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Lethbridge Herald Newspaper Archives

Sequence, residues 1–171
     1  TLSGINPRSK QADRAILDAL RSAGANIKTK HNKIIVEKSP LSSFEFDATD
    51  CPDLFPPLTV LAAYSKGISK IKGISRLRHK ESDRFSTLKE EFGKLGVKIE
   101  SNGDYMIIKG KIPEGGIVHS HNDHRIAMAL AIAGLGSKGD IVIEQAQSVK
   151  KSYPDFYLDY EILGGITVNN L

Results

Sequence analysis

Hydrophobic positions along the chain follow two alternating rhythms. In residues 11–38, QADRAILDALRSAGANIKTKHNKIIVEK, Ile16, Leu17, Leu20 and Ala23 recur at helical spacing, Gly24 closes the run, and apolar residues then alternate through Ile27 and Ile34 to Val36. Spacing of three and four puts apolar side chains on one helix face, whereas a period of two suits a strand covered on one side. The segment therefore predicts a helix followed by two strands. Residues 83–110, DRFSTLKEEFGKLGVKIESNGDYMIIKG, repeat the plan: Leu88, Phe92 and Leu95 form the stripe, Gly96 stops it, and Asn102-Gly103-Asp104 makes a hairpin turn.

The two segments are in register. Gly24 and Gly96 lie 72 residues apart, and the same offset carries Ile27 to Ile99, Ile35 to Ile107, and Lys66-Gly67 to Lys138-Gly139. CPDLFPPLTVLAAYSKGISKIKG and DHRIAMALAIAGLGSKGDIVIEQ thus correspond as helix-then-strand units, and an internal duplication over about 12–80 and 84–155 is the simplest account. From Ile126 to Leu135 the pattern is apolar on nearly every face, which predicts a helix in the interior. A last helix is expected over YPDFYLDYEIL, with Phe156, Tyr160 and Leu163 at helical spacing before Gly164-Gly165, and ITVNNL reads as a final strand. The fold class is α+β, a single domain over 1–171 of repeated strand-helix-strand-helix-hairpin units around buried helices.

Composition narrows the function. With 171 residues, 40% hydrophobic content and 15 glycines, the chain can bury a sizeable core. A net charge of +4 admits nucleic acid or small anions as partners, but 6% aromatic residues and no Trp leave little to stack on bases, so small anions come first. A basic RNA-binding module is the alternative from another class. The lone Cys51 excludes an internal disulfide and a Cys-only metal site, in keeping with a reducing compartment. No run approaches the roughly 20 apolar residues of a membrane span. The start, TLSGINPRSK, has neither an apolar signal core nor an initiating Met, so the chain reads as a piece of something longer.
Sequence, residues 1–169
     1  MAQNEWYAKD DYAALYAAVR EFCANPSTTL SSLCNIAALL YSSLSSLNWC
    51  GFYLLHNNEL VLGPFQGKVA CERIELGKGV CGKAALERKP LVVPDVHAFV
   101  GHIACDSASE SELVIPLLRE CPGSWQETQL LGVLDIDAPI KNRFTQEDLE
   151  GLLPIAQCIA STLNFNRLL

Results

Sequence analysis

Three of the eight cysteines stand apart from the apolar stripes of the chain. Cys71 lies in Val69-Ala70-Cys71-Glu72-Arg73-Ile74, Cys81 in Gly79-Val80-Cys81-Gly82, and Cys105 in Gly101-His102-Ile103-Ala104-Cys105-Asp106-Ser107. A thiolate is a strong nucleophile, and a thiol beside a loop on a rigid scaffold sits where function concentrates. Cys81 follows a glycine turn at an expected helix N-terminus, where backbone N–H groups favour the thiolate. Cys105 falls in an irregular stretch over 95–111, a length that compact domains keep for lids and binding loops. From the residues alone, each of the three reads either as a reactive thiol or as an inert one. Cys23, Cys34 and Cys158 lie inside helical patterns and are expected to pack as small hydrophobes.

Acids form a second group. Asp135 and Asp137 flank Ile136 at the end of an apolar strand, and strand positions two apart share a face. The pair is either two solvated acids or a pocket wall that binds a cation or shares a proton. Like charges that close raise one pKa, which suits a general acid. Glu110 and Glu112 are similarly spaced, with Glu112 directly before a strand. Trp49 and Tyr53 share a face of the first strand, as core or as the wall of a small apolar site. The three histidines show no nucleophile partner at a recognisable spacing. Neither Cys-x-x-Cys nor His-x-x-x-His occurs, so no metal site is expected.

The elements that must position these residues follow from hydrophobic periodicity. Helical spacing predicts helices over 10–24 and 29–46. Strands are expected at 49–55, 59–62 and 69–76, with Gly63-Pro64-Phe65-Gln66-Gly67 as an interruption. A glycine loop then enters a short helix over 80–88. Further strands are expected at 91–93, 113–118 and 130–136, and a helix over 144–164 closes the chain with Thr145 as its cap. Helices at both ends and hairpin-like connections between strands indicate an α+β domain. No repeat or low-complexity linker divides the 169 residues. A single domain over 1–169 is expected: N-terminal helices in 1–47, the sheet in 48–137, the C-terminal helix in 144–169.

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Lethbridge Herald, The (Newspaper) - October 24, 1973, Lethbridge, Alberta Tar out9 in Communist Europe Wednesday, October 24, 1973 LETHBRIDGE HERALD LODZ, Poland (AP) Poland's latest rock show probably the most far out in Communist Europe, is packing them in this tex- tile town with a combina- tion of naked blondes, hard beat and rubber monsters. Called Naga, meaning naked, it is billed as a rock opera. Despite the nudes, the show is likely to go further afield. Contracts are signed with Czechoslovakia and the Soviet Union is reported to be interested provided the girls have on a bit of clothing. Naga, whose underlying theme is to show the danger of a world menaced by technological progress, is certainly unorthodox in presentation. Even the way its theatre Naked blondes boffo in Polish opera programs were published strikes an odd note. Because of last-minute dif- ficulties they were printed in the publishing depart- ment of a nearby psy- chiatric hospital. In the show three of Poland's top pop stars, portray frightened humans being chased and enveloped by out-of-control robots. They also have to cope with giant blobs of rubber that resemble the pulsating body of an oc- topus. Director Jerzy Krechowicz concentrates on visual impact. Using a kaleidoscope of flashing lights and psychedelic patterns beamed on both singers and stage, the show is inventive and shocking. In one scene, long-haired singer Wojciech Korda after finishing his number turns to a curvaceous blonde standing beside him and pulls off her black gown, leaving her stark .naked. There are several nude scenes. In one, a .flabby rubber monster, looking like an overgrown gorilla, carries off a naked blonde in his arms. In the background a rock group twangs out heavy beat. "I wanted to show truth in a new says song writer Grzegorz Walczak, "in a communicative and uninhibited way... thanks to which the awareness of truth becomes more un- iversal." Reaction to the show in the Polish press has been mixed. Trybuna Ludu, voice of the Communist party, concedes Naga is ex- perimental and interesting, but criticizes the lyrics for their lack of Combat those Miserable Fall Colds For relief of coughs and sore throats due to colds 18's 79 Decongestant to relieve the misery of colds Coricidin 'D' 1.49 SHOPPERS DRUG MART Centre Village Mall Phone 328-8442 New help for the underdog meaning. Although Naga has been playing to packed theatres, audience response is also mixed. Said a student: "For Poland it's some achievement against prudery and anyway it's a step forward to freedom of expression in art." A young girl: "I loved it. It was beautiful, the most beautiful play I've seen in my life. I love rock and beat, and here it was at its highest level-wonderful music." Another girl was less enthusiastic: "I didn't like it at all. Too loud and a bit monotonous. Those lighting effects are good but if you see a repetition of the same thing for an hour and a half you get bored." Manager Jerzy Schoen is hoping to take Naga even- tually to the West. "We were approached by RCA Italiana in he said, "and we're also awaiting the finalization of a contract with West Ger- many and possibly West Berlin, too." WINNIPEG (CP) Don Bailey, executive director of three half-way houses in Winnipeg, knows how it feels to be an underdog. The 30-year-old ex- convict has first-hand ex- perience of the fears prisoners know when leav- ing the almost-protective custody of penal in- stitutions and the dejection caused by family breakups. Throughout most of his life, Mr. Bailey turned to writing as a diversion from the loneliness that often haunted him. But he held up an east-end Toronto bank in 1965 and was given five years for armed robbery. The fear of leaving prison to become self- sufficient was almost enough to make him refuse parole. "Inside I was really im- portant, but outside I was nobody and he said in an interview. Once outside, he return- ed to his former profession as a camera technician, but quit when his marriage went on the rocks and became lonely and depressed. Through an advertise- ment for a writer, he began work with the Toronto Christian Resource Centre, organizing various programs and later helping Centre Village ATTENTION! 9 Church Groups Clubs Charitable Organizations Centre Village Merchants Association it sponsoring a CHARITY BAZAAR November 15th-l6th-17th and Invite You to Attend During this 3 day period we open the Mall to all Charitable Organizations interested in raising funds for their individual causes and we invite your group to attend. Tebles will be supplied by the Mall. RESERVE YOUR SPACE NOW Any Interested Group is Asked to Call 328-8835 by Monday, Nov. 5th to Reserve a Table for the Bazaar "The Mall That Has It All" to launch Springboard, a group that offered assistance to convicts in- side the walls and their families outside. His writing never stopped and has recently appeared in magazines and anthologies. Two blocks of poetry have been published, a book of short stories is due out in September and a near- autobiographical piece has been accepted for publication. "It's about a guy getting out of he said. "It contains a fair bit of what I went through." If present plans work out, Mr. Bailey will leave his job next April and return to Toronto to es- tablish similar half-way houses. He also hopes to start an exchange program for self-help groups across the country working with prisoners. The writing will continue as well. HAWAIIAN DAYS atthe Jean Jungle HI-RISE BAGGIES Clearing at Price A SELECTION OF Tops and Shrinks during it Price "Get Into Our Pants" Centre Village Mall ROYAI CERTIFIED SERVICE tffl Royal Certified Service ALL THE BANKING SERVICES YOU'RE LIKELY TO NEED IN A SINGLE PACKAGE Become a Charter member before Jan. 15th, 1974 and enjoy unlimited FREE P.C.A. chequing (no service The Royal Bank OF CANADA A. J. KIRR, MANAGER, CENTRE VILLAGE BRANCH Extended Hours for Your Convenience 10 a.m. to 6 p.m. a.m. to 8 p.m. Fridays ;